Bike Santa Cruz County, the Coastal Rail Trail, and the Future of Transportation in Our County

Why we support the plan for rail with trail, for now

Bike Santa Cruz County has been working to get a bike and pedestrian trail built in the rail corridor for more than 25 years. We are collaborating with our local lead agency, Santa Cruz County Regional Transportation Commission (RTC), the agency that owns the rail right-of-way, to promote and support this endeavor. The RTC developed the award-winning Trail Master Plan (linked below), and is the responsible entity for implementation of the plan. Working in partnership with local jurisdictions, RTC will guide the future of the Monterey Bay Sanctuary Scenic Rail Trail.

We have been at the forefront, advocating for the Coastal Rail Trail to become not just a wild idea, but a viable project with more than $100M in funding.

In the past 6 months, the Bike Santa Cruz County board of directors was lobbied to take an alternative position on the corridor’s future use. The board heard presentations from both the Friends of the Rail and Trail and the Great Santa Cruz Trail Group (now Santa Cruz County Greenway). After hearing multiple points of view and weighing the costs and benefits, the board of Bike Santa Cruz County remains committed to the Coastal Rail Trail as designed in the Monterey Bay Sanctuary Scenic Trail Network Master Plan, while the RTC continues to study the practicability of rail. The primary reasons for this are:

  1. Construction of the Coastal Rail Trail is scheduled to begin in 2018 and 10 miles, or 33%, will be constructed within 4 years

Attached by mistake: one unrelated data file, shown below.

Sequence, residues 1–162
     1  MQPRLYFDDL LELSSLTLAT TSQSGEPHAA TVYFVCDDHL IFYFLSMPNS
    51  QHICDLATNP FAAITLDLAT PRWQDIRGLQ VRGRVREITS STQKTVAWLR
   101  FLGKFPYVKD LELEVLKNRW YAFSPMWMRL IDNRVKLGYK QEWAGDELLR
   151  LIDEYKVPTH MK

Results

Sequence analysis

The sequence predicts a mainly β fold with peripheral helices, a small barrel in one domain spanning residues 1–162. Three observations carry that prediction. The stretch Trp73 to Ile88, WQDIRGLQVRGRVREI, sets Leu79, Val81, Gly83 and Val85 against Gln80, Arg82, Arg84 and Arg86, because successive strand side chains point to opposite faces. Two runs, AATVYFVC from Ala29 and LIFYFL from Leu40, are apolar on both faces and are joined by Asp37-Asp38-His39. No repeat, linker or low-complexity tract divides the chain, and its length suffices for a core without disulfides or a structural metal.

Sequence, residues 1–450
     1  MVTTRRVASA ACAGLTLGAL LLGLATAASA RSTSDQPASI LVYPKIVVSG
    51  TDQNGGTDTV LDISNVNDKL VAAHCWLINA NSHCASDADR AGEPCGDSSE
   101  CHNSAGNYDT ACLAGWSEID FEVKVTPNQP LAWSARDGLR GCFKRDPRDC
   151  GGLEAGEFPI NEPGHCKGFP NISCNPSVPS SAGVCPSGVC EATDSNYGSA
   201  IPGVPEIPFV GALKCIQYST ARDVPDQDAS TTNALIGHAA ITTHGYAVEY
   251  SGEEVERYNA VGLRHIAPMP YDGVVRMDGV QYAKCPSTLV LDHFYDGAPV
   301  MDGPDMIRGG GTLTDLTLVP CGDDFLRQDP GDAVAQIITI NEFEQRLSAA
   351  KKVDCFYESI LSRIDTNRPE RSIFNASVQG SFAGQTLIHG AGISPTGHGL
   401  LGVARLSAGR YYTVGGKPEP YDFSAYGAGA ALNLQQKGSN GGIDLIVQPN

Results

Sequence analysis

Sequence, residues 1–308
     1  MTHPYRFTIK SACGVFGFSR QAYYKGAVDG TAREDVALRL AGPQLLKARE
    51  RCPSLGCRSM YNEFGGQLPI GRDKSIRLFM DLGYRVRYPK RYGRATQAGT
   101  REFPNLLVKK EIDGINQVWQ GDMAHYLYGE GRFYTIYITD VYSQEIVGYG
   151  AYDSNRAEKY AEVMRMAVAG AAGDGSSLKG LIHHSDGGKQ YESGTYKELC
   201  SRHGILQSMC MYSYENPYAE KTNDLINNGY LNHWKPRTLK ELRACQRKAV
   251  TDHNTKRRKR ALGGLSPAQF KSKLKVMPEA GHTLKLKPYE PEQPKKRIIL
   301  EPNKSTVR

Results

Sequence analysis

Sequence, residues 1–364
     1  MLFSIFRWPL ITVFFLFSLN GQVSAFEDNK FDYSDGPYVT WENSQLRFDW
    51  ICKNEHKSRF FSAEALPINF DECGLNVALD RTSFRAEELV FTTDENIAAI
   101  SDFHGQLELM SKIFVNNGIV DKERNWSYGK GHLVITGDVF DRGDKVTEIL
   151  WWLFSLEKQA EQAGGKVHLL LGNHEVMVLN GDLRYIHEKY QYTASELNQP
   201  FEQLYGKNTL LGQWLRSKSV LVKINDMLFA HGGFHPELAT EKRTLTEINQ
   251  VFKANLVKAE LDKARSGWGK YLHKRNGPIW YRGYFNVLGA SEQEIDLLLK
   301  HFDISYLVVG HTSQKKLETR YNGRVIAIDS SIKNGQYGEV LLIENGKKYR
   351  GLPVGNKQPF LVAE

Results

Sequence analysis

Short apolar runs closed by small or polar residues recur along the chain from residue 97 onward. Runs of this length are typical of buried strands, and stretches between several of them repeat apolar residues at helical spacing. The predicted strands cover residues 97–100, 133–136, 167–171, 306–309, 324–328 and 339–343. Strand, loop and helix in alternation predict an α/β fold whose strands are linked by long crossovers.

2. The potential of passenger rail service in Santa Cruz County makes preserving the tracks worth the time it takes to study its feasibility.

Half the county’s population, 92 parks and 44 schools are located within 1 mile of the rail corridor. Thirteen miles of the Coastal Rail Trail has been funded in full or in part, with construction to begin as soon as design, engineering, and environmental permitting are complete. These projects include 7.5 miles of trail from Wilder Ranch to Davenport, 2.1 miles through the Westside of Santa Cruz, 2.2 miles from the Boardwalk to 17th Avenue, and 1.2 miles in Watsonville from Lee Road to Walker Street. The first phase of one of the segments through the Westside, from Natural Bridges Drive to Bay Street, will begin construction in 2018. Bike Santa Cruz County’s efforts over the last 25 years are now truly beginning to pay off.